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Old 07-30-09, 10:50 AM
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meanwhile
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Originally Posted by Falanx View Post
Essentially, [porosity of epoxy and other plastic paints] is a fundamental of polymer chemistry. Even the most rigid, cross-linked, three-dimensional polymer structure effectively terminates in lots of places rather quickly, so what's left holding these ten-thousand molecular weight monsters together is dipole interactions and Van der Waals forces. Essentially, static. Gas molecules, and tiny liquid molecules can elbow their way through with enough head of pressure. That's why beverage bottles have a shelf life.
Except the last sentence about about beverage bottles, it's easy to imagine Tom Baker giving the above as an explanation of why the Tardis isn't working! But yes, that makes perfect sense.

If you get a moment I'd be interested to know what you think of the info for the site for KBS Rust Stop. They claim that:

http://www.kbs-coatings.com/Rust-Sealer_c_2.html
RustSeal completely seals metal surfaces, blocking all the pores and preventing penetration of moisture, oxygen, and water vapor.
And it's a "Polymeric Isocyanate" according to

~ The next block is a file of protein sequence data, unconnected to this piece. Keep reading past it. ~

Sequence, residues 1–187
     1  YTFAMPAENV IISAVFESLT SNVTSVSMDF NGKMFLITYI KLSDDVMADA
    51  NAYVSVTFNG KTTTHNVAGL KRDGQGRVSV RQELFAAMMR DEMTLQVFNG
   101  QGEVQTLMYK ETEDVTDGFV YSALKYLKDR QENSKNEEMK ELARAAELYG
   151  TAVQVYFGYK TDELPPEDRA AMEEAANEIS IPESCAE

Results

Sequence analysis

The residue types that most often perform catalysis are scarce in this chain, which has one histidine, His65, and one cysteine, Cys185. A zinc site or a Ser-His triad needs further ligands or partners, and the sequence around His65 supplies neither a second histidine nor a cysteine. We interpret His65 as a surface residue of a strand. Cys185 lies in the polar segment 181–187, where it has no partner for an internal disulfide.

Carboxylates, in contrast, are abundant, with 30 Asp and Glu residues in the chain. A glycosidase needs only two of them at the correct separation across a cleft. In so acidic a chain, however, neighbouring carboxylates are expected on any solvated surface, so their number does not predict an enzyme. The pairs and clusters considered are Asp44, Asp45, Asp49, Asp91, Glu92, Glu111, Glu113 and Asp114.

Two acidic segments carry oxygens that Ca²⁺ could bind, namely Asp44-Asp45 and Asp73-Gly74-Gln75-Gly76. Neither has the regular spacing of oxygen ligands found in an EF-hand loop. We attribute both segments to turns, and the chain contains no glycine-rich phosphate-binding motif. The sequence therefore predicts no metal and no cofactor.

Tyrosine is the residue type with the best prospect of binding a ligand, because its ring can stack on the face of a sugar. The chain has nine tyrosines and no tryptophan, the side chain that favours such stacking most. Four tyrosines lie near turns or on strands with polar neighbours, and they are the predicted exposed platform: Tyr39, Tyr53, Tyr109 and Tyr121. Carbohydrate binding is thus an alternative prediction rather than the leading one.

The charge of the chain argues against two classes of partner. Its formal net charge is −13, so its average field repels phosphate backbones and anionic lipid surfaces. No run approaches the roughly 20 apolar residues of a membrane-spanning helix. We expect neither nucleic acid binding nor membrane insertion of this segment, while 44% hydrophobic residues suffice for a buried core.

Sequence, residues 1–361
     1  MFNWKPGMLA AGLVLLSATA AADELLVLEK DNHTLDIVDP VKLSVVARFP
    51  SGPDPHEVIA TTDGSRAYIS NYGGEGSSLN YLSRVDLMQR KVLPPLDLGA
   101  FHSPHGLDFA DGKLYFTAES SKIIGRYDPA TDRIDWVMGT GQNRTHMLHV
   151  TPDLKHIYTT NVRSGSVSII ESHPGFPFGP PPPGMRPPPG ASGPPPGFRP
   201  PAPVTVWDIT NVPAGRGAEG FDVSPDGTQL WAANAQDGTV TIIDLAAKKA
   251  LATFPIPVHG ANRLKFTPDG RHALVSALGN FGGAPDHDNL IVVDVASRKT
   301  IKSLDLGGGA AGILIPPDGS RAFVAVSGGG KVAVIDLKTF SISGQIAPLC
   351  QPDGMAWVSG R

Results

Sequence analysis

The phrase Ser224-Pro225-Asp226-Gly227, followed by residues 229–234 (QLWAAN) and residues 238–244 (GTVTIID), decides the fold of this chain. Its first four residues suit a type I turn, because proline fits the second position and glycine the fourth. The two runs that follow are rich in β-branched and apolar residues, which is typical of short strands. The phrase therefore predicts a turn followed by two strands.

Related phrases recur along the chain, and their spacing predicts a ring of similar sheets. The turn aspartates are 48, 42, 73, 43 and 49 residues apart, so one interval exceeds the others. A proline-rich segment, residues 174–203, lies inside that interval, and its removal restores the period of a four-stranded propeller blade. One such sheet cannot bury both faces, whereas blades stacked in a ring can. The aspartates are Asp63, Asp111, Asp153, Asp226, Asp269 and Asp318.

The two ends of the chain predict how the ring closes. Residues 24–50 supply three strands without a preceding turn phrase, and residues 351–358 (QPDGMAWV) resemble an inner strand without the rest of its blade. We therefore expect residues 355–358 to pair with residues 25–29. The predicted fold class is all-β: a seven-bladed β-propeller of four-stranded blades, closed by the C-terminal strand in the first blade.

http://www.kbs-coatings.com/RustSeal...a_ep_45-1.html

I noticed that one of the magazine articles archived on their site claimed that an angle grinder was required to remove this stuff, and even that had problems. It's designed to be used as the middle layer layer of a 3 layer sandwich, btw.

[The best combination would be] would be.. (etch primer if it needs it), strontium/potassium-zinc epoxy primer, topcoat. Yep.

You want maximum toughness, I'd say polyurethane topcoat and a good sacrificial epoxy primer. I had to get a Mil Spec PU paint off once. It took a oxy-propane torch and glass bead blasting. No joke. Two HOURS. But it's once again, all down to the prep. You make sure the subsrate is clean and keyed, you take your time with the primer and then you key it again, unless you're handy with putting down a final powder layer on the primer. Be aware that the two are partially mutually exclusive. A wet-coat car paint is real easy to use, but not particularly hardwearing by comparison. A PU paint is a bit of a pig to clean up and strip out of spray tools, but it won't come off, and the chemically resistant nature as a paint is reflected in its behaviour as a film coating.
Thanks!
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